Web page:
Interesting salon, thank you!
Here is another bag from "Caucasian Carpets & Covers", page 120.
Like most of the weavings that - in my humble opinion - appear to be Shahsavan in that book, itís attributed to Azeri by the authors.
As a matter of fact, Wright and Wertime do not pay much attention to the Shahsavan: they describe them as "prolific weavers" using the Moghan Steppe as winter quarters but adding that there is no way to differentiate their products for similar ones made by other groups.
If you are right the area of geographic influence of the S. confederacy goes well beyond the Moghan district.
My habitual suppliers, the Hajjs from Daghestan, usually sell quite a lot of Shahsavan-looking flat weaves. I suppose some if not all of those items come from Daghestan itself (Iím going to post a couple of my recent purchases on Show and Tell).
I understand that the Shahsavan were a confederation of ethnically mixed tribes that included the Kurds.
That could explain the variety of motives. A sort of mini-Caucasus inside the Caucasus.
Could you please show us the design elements you consider as typically Shahsavan?
this bag looks like it is in nearly too good condition. I'd love to examine it closely.
I'll send some pics of for me typical Shasavan designs tomorrow.
When you look into Wertime's or my Shasavan book you will very qickly notice a number of elements that show up consistently.
Dear Filiberto and all,
I am familiar with this khorjin. While I donít have the Wertime/Wright book in front of me, Iím quite certain they attribute this to the Karabagh area and to the Azeri or Turks there.
One distinguishing feature of this khorjin is the overlay-underlay brocading used for the bridge. This technique is used extensively by Turks and Kurds on a variety of weavings, including covers and bags. It is not characteristic, in my opinion, of Shahsavan weaving, just as there are some structures used by the Shahsavan that are used (or very rarely used) by other weavers.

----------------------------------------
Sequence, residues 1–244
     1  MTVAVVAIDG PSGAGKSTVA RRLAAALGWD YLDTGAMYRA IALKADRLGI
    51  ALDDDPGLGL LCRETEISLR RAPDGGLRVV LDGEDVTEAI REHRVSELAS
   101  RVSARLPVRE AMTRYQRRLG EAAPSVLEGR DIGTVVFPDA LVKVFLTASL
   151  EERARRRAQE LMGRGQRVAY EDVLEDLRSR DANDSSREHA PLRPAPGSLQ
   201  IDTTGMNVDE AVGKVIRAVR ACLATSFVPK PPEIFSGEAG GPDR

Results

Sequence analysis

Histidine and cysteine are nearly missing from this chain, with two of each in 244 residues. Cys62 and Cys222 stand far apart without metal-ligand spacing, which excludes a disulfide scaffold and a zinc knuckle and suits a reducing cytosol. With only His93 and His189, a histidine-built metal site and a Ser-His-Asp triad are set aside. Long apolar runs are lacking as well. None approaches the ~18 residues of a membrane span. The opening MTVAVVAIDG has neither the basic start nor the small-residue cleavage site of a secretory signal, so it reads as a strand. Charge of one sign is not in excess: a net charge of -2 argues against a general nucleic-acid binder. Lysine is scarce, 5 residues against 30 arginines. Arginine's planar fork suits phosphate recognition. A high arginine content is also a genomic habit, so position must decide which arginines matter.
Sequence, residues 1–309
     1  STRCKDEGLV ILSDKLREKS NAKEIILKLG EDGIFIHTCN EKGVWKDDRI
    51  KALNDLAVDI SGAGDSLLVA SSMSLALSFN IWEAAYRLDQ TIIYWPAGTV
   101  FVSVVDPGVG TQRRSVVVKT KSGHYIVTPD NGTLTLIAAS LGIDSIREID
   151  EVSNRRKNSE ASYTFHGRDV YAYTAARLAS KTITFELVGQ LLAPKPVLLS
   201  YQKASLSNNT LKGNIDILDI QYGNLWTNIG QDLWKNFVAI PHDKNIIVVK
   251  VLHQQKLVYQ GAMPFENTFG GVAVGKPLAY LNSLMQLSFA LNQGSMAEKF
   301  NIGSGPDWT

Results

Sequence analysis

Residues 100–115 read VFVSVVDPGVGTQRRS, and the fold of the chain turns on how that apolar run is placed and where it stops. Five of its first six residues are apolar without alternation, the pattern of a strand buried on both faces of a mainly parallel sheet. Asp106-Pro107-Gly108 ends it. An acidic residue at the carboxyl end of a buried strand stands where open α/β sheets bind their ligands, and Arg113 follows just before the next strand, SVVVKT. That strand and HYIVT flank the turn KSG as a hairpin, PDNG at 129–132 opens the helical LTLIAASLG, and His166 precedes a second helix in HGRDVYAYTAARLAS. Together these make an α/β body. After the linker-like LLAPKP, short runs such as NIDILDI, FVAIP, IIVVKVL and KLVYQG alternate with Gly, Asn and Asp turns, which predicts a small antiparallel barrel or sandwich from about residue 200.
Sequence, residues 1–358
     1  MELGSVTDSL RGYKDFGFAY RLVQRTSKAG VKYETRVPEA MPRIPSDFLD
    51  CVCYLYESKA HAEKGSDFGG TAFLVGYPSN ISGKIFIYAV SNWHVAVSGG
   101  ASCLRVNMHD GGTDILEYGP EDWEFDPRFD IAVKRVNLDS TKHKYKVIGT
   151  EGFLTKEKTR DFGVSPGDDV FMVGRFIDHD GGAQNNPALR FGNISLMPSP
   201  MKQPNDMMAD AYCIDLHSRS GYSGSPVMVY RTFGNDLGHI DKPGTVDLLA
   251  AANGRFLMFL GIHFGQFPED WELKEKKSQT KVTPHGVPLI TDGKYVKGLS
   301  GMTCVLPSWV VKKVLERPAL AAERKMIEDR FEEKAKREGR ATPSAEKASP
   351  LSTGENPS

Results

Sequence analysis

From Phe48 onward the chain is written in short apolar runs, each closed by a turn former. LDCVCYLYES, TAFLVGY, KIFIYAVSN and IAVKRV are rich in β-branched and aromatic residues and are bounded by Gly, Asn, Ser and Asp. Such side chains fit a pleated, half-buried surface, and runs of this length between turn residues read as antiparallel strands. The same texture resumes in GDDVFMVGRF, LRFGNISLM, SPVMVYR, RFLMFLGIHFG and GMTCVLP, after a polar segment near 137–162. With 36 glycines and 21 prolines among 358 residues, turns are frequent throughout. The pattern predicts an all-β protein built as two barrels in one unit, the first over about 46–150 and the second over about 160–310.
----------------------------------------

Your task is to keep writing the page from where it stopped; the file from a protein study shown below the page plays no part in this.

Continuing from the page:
Another distinguishing feature is that, for some reason, the faces of these Karabagh khorjin are more elongated than the sumak khorjin of like design that are more commonly attributed to the Shahsavan. One of the earliest Karabagh examples published was that face belonging to Joseph V. McMullan and found in From the Bosporus to Samarkand.
I can also say that the wool in khorjin of this type from Karabagh, as well as the covers, seems to feel a bit drier than that used by the Shahsavan.
The cruciform device is found in Turkish weavings, as Bertram has shown. Its origins can be traced back to much earlier times in Anatolia. Exactly how and when this and other popular designs came to be used in Northwest Persia and the Transcaucasus remains largely unknown.
Incidentally, if Wertime/Wright seem to ignore the Shahsavan in their book, it is because the concentration was on the production of the Caucasus, not Persia. The Shahsavan are essentially Persian, although depending upon what time period we are in, exactly what is Persia and what is the Caucasus is problematic.
Yes, the bag is attributed to Karabagh, mainly because of the structure of the bridge.
Karabagh was Shahsavan country in the 18th c. till approx.